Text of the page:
No question the NBA needs their big coastal markets. They contribute mightily to the bottom line via their size and the exposure they provide the league. Nonetheless, the NBA has to deal with the fact, that to remain healthy, the league also needs those twenty or so small and mid-size markets for the big market teams to play against. And, having small and mid-size markets be the equivalent of the Washington Generals is not the way to maximize league revenues in the long-run.
There has to be a balance in the system whereby small and mid-market franchises are able to retain their superstar player to keep fans in those markets engaged. Where the problem has become more acute is that discussion of a superstar’s free agency now begins years before said player’s contract is even up such as this Ringer story on Giannis from 2017, informing Bucks fans to start worrying. This causes significant disruption to a team’s ability to plan for their future.
This “crisis acceleration” can be seen with the Bucks when comparing the situations of Michael Redd and Giannis Antetokounmpo. Michael Redd was able to become an unrestricted free agent in the summer of 2005. Given that he was a rising star at the time, and in demand league-wide, the discussion of whether he’d re-sign with Milwaukee began to percolate in December of 2004. At that time NBA writer Chad Ford speculated on whether the Bucks should trade Redd before the February 2005 trade deadline to avoid losing him with no return should he decide to leave in free agency. It wasn’t a fun time to be a Bucks fan as Redd was the team’s only marketable hope. That said, the period of angst and media speculation lasted only eight-months, until July that year, when Redd signed a long-term contract to stay.
Now fast forward to the situation with Giannis. We’re two and one-half years out from his contract being up and are already hearing stories about how other franchises are planning for max cap space in the summer of 2021, with the hope of luring away the Greek Freak. Many stories have already been written about the Bucks entirely through the lens of “Will the team be able to re-sign Giannis?” or “Is this player personnel move something that will please Giannis so he signs a contract extension in the summer of 2020? At some point, you reach the level of absurdity with the situation and it becomes destabilizing for a franchise as it did with Kevin Durant and Russell Westbrook in OKC, LeBron James during his first stint with Cleveland or now Anthony Davis in New Orleans.
We’ve heard the argument “Well, if a franchise isn’t run well enough, that player should be able to leave”. While there is some merit to the concept, note that the hype cycle of superstar free agency has now reached a level where it is forcing said teams to make ill-timed and rushed short-term decisions. The Bucks will face such an offseason this summer when a large number of their players become free agents. If the team had the ability to view things from a longer-term window they might have more options at their disposal. At the moment it feels like they may need to re-sign everyone, at any price, in order to assist in retaining Giannis.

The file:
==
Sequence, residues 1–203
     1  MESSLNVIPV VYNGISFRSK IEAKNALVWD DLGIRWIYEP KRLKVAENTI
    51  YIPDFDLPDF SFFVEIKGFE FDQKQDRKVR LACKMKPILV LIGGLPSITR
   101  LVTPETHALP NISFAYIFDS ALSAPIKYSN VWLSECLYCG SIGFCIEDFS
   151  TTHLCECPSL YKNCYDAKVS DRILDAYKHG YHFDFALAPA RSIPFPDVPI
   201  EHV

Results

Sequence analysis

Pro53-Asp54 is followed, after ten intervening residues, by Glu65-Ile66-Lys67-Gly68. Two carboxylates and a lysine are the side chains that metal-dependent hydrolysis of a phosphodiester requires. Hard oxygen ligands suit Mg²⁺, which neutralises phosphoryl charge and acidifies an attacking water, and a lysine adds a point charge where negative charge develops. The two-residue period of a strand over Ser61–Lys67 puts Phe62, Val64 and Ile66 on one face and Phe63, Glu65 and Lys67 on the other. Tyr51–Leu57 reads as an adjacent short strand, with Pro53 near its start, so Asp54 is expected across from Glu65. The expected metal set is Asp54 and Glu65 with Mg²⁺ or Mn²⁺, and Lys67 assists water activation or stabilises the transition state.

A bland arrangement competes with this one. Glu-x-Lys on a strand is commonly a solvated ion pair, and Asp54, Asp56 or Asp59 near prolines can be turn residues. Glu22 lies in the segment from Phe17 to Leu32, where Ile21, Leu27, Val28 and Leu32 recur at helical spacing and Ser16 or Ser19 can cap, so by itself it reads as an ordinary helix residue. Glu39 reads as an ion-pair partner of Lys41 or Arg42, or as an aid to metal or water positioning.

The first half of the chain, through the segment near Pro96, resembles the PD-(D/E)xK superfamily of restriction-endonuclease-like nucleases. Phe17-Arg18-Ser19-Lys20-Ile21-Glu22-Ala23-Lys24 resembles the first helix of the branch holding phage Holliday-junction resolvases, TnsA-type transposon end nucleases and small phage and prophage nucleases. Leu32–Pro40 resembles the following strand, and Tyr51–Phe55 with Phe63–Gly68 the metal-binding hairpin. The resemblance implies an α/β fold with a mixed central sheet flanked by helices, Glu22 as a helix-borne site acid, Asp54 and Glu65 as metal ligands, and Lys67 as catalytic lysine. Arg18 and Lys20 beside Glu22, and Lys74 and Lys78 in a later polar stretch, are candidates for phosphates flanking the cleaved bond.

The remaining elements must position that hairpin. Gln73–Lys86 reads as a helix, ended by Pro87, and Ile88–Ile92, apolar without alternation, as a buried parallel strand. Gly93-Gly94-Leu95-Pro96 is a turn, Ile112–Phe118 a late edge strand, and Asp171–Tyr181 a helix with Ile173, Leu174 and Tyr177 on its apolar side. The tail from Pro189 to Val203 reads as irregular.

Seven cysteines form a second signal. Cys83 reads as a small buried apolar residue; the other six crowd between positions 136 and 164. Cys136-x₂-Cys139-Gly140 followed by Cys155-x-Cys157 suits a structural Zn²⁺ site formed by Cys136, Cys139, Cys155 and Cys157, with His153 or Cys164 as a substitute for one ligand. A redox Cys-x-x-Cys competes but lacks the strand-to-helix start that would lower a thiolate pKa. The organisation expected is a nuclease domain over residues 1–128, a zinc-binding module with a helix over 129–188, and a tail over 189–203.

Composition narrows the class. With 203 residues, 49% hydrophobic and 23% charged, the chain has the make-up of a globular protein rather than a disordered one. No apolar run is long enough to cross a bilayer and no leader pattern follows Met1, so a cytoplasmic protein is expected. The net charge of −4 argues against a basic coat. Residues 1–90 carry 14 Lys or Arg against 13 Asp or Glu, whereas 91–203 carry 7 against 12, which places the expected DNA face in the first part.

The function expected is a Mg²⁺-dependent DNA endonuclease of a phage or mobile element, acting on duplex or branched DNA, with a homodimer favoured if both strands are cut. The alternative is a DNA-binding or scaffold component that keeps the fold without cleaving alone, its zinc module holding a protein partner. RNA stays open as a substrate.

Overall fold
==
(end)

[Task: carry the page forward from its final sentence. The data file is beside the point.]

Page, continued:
Highlighting this problem isn’t meant to excuse poor decision making by certain NBA clubs. However, the reality is that building an NBA title contender is hard work and best done with a long-term focus – but a long-term focus is now becoming very hard if you’ve got a superstar on your roster.
And if certain quarters of the NBA are going to suggest that poor front office decision making should preclude a team from retaining their superstar, is the answer to then reward a big market team like the Lakers? Los Angeles hasn’t made very good front office decisions for a decade, but now have LeBron, and perhaps might soon add Anthony Davis. Over on the East Coast, should the status quo reward a terrible Knicks front office? They could theoretically tamper their way to a Kyrie/Durant free agent pairing this summer. The “don’t reward a bad front office” argument runs both directions, something that never seems to get brought up in these discussions. The Lakers “third base status” affords them this critical tool of team building unavailable to perhaps twenty-five or so other clubs.
There is no simple solution to the problem but there is a potential fix that the NBA has never tried and should consider. A franchise player tag.
The idea typically is ridiculed from the usual suspects; the big coastal markets, the coastal media and from fans who immediately say “the players union won’t go for it”. Let’s examine how a potential NBA franchise player tag might be designed and see if such concerns are warranted.
First, put aside any pre-conceived notions you have about the franchise player tag based on the tag structure in the NFL. The NFL tag only provides the player security for a year and the entire process resets itself the following season. It gives the franchise a bargaining tool but does not grant the player long-term financial security.
What the NBA should consider is a franchise tag that would entail these features:
-A franchise can only have one tag to use at any one time (and can forfeit it for a period under certain circumstances described below)